Do you guys like rockets? Think about it; the space shuttle is so small, but when it's about to leave the earth, it's attached to this giant, giant, giant thing. Why? Gravity is such a force; it doesn't want your rocket to leave. There's so many chemicals that are needed to get that small, little space shuttle to leave Earth's gravitational pull.
What's happening is there's a reaction. The rocket starts pushing downward when those . . . you can see it just burning out and burning out. As its pushing down, there's an opposite reaction, and the rocket goes up. That's an actual law in science: For every action there's an equal and opposite reaction. The boosters are shooting down, and the rocket goes up. Some of you are saying, "How are we going to do this at home?" We can, and we're going to use chemicals and we're going to make a reaction happen just like a real rocket ship. All I need is a film canister. Today, we have all digital cameras, but I'm sure if you look around your home you'll find a film canister and construction paper. If your parents ever have a problem sometimes with their bellies, Alka-Seltzer tablets; that's it. I'm going to make this thing actually shoot up.
All I need . . . you could use any color. I'm actually going to use construction paper just because it's lighter in weight, and I'm going to make the body of my rocket. I'm going to take this. You could let the film canister just shoot up, but then it wouldn't look like a rocket. It just wouldn't look as cool. I'm going to wrap this around, just like this, and tape it down. You know what I've created? I've created the body to my rocket. If you think it's too tall and you want to make it just a little shorter, you can trim it. Give your rocket a haircut, or a paper cut.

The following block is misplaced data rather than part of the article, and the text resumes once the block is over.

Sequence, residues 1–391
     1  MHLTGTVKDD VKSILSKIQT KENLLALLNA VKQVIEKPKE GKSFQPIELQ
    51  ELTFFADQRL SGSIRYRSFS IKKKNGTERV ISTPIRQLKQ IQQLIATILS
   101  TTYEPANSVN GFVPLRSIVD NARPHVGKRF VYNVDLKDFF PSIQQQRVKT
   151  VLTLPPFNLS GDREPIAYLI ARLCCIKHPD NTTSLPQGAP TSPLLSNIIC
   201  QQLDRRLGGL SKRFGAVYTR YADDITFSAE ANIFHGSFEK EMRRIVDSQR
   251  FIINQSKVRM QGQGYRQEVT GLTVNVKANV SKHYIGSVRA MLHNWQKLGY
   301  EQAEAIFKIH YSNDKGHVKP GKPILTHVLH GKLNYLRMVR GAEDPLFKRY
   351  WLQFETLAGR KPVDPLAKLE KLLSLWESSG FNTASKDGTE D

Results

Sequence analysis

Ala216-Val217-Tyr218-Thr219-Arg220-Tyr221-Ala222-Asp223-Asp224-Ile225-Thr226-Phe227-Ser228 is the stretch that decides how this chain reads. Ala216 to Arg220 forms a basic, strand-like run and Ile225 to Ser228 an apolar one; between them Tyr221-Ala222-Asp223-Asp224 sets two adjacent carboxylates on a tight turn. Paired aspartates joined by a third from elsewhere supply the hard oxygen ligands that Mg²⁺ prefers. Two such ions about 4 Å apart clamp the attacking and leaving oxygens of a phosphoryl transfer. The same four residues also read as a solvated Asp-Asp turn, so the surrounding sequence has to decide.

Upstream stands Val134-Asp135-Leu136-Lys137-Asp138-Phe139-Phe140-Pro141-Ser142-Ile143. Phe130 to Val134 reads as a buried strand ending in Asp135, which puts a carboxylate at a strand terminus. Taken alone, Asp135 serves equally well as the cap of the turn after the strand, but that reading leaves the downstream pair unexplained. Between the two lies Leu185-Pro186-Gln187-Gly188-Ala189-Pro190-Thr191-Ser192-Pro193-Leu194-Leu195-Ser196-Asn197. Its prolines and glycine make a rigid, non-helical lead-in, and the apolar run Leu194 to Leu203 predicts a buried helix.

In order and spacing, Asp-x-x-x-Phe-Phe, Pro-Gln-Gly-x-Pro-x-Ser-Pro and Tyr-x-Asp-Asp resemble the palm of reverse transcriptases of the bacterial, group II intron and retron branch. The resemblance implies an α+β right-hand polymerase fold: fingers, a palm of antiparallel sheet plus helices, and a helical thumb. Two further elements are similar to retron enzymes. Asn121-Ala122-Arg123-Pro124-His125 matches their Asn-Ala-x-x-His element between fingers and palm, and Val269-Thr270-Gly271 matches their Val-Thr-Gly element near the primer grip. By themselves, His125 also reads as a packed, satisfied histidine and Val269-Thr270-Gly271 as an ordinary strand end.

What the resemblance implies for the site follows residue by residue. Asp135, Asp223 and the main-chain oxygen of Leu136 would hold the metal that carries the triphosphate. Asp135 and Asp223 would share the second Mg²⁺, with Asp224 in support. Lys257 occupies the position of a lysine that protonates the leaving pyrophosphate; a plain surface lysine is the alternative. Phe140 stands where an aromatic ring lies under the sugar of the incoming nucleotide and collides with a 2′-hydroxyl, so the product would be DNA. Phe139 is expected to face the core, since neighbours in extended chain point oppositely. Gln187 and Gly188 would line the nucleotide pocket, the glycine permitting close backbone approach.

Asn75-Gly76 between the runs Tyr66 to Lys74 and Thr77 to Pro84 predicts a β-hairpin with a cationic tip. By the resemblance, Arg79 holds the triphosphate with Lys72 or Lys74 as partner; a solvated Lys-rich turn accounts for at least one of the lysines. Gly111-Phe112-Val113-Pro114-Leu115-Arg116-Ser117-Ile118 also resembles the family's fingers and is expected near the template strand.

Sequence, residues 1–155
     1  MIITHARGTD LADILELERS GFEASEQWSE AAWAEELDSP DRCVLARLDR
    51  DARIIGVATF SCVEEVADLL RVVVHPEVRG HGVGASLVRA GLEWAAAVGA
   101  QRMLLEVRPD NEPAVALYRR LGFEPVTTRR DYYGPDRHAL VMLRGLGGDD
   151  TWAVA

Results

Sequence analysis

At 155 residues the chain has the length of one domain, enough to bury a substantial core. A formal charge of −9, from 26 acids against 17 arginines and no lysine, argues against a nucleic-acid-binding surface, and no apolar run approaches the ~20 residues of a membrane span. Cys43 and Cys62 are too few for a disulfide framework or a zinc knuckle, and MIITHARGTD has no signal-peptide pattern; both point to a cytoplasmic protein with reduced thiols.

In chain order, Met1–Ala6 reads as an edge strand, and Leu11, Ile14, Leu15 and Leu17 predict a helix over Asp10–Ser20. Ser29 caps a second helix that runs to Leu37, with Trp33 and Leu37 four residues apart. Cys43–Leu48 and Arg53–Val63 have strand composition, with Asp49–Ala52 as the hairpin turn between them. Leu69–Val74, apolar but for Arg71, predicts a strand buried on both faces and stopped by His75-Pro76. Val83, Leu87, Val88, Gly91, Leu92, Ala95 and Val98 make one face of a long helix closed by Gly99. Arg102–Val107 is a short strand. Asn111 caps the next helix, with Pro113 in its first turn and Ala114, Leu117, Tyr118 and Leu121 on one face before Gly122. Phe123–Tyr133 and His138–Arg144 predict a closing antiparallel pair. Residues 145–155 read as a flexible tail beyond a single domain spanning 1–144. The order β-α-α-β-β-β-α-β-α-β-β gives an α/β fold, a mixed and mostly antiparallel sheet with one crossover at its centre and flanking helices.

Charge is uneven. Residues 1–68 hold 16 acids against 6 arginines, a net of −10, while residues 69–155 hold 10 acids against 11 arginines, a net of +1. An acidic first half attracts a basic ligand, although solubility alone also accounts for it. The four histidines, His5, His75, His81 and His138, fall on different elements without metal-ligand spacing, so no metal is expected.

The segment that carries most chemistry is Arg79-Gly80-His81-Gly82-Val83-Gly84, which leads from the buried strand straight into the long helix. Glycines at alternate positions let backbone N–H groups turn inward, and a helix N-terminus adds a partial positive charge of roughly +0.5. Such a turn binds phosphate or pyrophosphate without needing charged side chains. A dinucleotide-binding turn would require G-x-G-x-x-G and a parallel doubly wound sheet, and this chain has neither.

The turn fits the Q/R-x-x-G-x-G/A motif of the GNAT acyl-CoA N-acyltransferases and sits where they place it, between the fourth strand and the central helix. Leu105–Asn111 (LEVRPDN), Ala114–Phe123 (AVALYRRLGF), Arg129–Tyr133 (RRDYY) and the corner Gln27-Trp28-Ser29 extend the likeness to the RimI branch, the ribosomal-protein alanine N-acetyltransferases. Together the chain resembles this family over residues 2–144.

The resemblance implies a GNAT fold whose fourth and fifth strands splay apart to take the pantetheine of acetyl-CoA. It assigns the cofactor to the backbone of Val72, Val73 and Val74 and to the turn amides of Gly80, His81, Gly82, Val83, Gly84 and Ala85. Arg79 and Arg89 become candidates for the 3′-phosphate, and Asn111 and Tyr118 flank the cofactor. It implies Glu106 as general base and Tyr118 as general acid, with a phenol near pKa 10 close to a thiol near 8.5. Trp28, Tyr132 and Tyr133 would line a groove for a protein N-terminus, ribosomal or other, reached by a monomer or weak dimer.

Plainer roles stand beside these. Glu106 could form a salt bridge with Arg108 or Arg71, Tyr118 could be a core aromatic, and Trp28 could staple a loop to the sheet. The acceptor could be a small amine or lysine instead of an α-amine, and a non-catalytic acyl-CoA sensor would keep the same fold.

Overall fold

You need to make the cone, and it needs to be pointy because it has to cut through the air, because rockets have a couple of enemies: Gravity and drag. I'm going to take my cup and I'm going to make a circle. I'm going to just use the cup as an outline. Then I'm going to cut out a piece of the pie. I have the tracing of a circle and I cut out a piece, which I'll show you in a second. I'm going to cut this out all around. I'm telling you now that the pointier your cone is, the easier it will be for it to be aerodynamic and cut through the air. Just cut out a piece of the pie, and now I have that. I'm going to take this and I'm going to wrap it and wrap it. I'm going to make a cone big enough to fit the top of the body of my rocket. That's perfect. Tape it, and now tape it down.
If you wanted to add wings, you could add wings. If you wanted to use white paper and design the actual rocket, the USS Carmelo; you could do anything you want. How do we get it to take off? It looks like a rocket, but how are we going to get it to fly? I'm now going to flip it over. Like a real rocket, we have to load it up with chemicals. What I'm going to do is take 1 tablet of Alka-Seltzer. Actually, I don't even need to use the whole tablet; break it in half. I'm going to fill up just the bottom with some water.
Do you know what's going to happen? When I drop this Alka-Seltzer tablet into the water, there's a chemical reaction and carbon dioxide is made. A gas is being made. If I leave it open, the gas escapes, but if I close it, think about a balloon; the more gas, 'ka-boom'. It has to find a way out, high pressure. If I close it, it's going to be making the gas, and let's see what happens. I drop it, it's in, and it's down. 10, 9, 8, 7, 6, 5, 4, 3, 2, 1, blast off. Did you see that? So much gas was being made; it needed to find a way out. It pushed the gas downward and your rocket went upward. For every action, there's an equal and opposite reaction. Go make a rocket. What are you waiting for? Go.